Curbing Separation Anxiety in Dogs

separation anxiety in dogs

Separation anxiety may not sound like much to someone who’s never owned a dog. However, to those of us who have, it’s a dreaded word combination indeed! We know what it can mean to both dog and owner, and there’s a reason you want to get rid of it as soon as possible.

Also known as SA, it can present in several different ways and at just about any age. It may even be in the best interests of both you and your dog to consider some type of training or even boarding, if the problem persists.

If you have the time and patience to do so, however, there are some things you can do yourself that can help. Curbing your dog’s separation anxiety won’t happen overnight. But with patience, love, and attention you can turn the tables.

What Is Separation Anxiety

separation anxiety in dogsSeparation anxiety can present in many ways. Dogs might tend to bark, howl, urinate all over the house, chew things up, dig incessantly and even try to escape. At first glance, it might seem like these are all indicators of a need for training, but that isn’t always the case.

If you see these problems frequently, and they are accompanied by other behaviors that point to stress, you could be dealing with SA. Those “other behaviors” could include drooling and becoming increasingly anxious when your dog sees you leaving.

Once the disorder is triggered, a dog can become increasingly upset the longer he is alone. In extreme cases, the dog can destroy certain areas of your home and even become self-injurious, especially around doors and windows.

Behaviors That Point Towards Separation Anxiety

separation anxiety in dogsKnowing that separation anxiety can be behind many of the behaviors our dogs exhibit in our absence is only half the battle. Some behaviors can tell you your dog is a prime candidate for SA.

If your dog is extremely close to you during your time at home, it might mean he will become anxious when you leave. You might even notice him getting restless if you close a door between the two of you.

Another behavior that can point to SA is your dog abandoning sleep to follow you around the house. He could be sound asleep, even dreaming, but if there’s the slightest noise that alerts him of your movement, he’s right on your heels. This says that he is incredibly attached to you and is much more likely to exhibit behaviors linked to this restlessness.

If your dog happens to be between one and three years old, and his schedule changes significantly, you can bet he’ll notice. The added stress will add to his feelings of being alone and he is likely to be unaware of exactly what’s happening. This can greatly magnify his fretfulness when you leave.

Helping to Reduce Separation Anxiety

First, talk with your vet about the fact that you suspect something. While these behaviors don’t always point to anything serious, it’s best to rule it out before attempting any type of behavior modification.

One way to curb severe behaviors associated with separation anxiety is to crate train your dog. Since wild dogs are naturally drawn to a “den” as a safe place to sleep, especially in the case of a mother dog and her pups, it’s only natural to work with this instinct when possible.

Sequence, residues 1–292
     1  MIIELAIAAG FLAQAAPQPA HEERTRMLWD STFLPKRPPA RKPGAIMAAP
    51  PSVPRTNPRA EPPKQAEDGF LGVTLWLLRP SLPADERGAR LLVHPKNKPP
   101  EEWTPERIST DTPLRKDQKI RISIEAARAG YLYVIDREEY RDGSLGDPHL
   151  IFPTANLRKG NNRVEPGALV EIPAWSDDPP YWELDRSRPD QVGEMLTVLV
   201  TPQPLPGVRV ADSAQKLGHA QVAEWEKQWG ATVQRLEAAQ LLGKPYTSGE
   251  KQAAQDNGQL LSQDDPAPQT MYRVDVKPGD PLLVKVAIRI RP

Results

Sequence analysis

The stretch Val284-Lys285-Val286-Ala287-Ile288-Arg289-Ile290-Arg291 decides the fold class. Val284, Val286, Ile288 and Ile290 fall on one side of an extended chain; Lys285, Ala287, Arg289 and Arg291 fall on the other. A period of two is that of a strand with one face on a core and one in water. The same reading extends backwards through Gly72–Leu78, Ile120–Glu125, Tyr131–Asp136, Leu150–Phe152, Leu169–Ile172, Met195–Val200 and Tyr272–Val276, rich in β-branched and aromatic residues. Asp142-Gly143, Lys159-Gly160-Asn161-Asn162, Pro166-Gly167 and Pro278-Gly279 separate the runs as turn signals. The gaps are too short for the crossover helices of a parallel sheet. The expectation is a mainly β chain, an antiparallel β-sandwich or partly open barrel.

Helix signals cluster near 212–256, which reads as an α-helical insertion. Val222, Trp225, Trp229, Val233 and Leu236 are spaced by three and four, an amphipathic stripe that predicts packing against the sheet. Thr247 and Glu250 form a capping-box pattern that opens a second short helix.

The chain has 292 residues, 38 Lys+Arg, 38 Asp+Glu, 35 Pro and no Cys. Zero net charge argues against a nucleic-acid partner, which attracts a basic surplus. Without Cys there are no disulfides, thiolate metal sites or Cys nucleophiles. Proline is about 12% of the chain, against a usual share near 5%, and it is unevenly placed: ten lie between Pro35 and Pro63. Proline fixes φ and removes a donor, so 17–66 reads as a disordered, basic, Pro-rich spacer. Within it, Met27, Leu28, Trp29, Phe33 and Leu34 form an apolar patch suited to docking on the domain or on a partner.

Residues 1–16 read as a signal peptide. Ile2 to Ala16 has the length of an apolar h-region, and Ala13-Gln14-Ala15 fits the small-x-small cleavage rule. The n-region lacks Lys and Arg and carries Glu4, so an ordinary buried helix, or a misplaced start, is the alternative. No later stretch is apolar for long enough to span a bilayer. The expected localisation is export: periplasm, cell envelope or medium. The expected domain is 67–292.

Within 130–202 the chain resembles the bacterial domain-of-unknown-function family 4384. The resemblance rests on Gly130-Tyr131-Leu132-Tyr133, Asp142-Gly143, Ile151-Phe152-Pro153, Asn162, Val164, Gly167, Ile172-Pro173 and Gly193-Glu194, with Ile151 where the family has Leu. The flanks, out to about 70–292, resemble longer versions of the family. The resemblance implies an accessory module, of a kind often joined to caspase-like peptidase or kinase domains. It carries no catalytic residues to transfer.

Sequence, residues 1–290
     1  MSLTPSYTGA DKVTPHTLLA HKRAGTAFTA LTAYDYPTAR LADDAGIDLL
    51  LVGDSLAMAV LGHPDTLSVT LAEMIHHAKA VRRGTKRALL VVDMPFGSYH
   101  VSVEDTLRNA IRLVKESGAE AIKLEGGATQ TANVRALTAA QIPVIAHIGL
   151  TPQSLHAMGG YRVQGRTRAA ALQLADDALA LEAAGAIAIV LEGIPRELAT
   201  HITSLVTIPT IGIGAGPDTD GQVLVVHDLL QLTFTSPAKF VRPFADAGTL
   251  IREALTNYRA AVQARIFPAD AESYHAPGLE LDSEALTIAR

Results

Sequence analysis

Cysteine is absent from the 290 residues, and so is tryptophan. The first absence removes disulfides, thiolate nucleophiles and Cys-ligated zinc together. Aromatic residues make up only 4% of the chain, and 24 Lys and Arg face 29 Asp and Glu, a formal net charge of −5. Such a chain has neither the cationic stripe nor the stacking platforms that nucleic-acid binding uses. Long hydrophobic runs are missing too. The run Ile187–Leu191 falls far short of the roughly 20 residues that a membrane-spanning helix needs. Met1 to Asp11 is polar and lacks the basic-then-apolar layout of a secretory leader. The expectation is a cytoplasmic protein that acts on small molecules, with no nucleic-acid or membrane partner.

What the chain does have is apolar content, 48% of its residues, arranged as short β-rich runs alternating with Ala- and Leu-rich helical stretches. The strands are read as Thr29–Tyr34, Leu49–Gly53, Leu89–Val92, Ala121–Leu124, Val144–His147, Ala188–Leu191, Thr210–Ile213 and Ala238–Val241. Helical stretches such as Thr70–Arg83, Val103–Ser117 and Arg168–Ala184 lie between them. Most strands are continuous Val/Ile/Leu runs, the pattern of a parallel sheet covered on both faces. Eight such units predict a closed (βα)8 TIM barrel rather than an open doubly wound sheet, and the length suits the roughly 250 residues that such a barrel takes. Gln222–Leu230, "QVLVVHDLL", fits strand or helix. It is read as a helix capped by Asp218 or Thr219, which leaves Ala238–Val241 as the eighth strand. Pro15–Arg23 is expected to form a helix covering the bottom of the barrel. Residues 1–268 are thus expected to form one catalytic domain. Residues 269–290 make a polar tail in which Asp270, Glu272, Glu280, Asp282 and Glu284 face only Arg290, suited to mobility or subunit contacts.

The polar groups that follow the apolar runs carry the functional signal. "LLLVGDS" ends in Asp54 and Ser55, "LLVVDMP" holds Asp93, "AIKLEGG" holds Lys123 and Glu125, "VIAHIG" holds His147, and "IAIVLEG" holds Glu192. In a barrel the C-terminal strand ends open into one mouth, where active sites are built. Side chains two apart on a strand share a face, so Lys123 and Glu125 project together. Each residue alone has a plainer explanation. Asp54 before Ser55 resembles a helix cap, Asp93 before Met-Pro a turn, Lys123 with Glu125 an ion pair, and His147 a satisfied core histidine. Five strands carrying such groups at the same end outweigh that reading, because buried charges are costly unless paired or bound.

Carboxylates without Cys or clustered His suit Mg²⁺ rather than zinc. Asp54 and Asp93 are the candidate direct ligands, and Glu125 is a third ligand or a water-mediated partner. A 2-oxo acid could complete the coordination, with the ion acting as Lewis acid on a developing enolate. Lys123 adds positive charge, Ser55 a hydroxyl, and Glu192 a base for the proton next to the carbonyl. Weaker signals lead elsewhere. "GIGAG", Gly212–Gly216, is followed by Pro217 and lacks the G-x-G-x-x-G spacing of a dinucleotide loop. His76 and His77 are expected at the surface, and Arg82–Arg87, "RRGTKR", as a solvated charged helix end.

Crate training can take a while to teach. The amount of time will depend on your dog’s temperament, age and what he may have gone through in the past. Make sure you don’t move too fast and NEVER leave a dog in a crate too long. Puppies less than six months of age can take a maximum of four hours, while older dogs can go a bit longer. Always try to associate the crate with something pleasant.

Treats are another good choice for keeping your fur baby occupied, especially ones that aren’t quickly consumed. A rawhide chew, knucklebone or nylabone often works wonders and can keep him occupied for much of the time you’re gone. Do make sure, however, that the treats you provide are ones you’ve given him while you were home. You should know how your dog will react with the chew before you leave him alone with it to avoid any choking incidents.

separation anxiety in dogsToys that dispense treats can keep your dog occupied for hours! The Kong Wobbler treat dispenser is a great choice. Not only does it come in both small and large sizes, but it wobbles around to keep your dog from being able to retrieve the treat too quickly. Odds are, with one of these, your dog will forget that you’re even gone until it’s nearly time for you to return!

Another thing that can help is using a toy or bone that has a hollow middle and filling it with peanut butter. Most dogs love the taste of peanut butter and will spend a great deal of time getting out every bit.


 Your dog’s separation anxiety is just as hard on him as it is on you. It can be tough sometimes to figure out the best way to go about treating it, which can make it even harder on you.

In addition to the things we’ve already gone over, you might want to make sure your dog is getting plenty of exercise each day. While exercise is excellent for your dog’s health, as well as your own, it can also stimulate the mind and leave him more relaxed during times when you are not home.

Most of all, don’t despair! All dogs are different and what works for one dog might not work for yours. Just keep trying.

He’s worth it!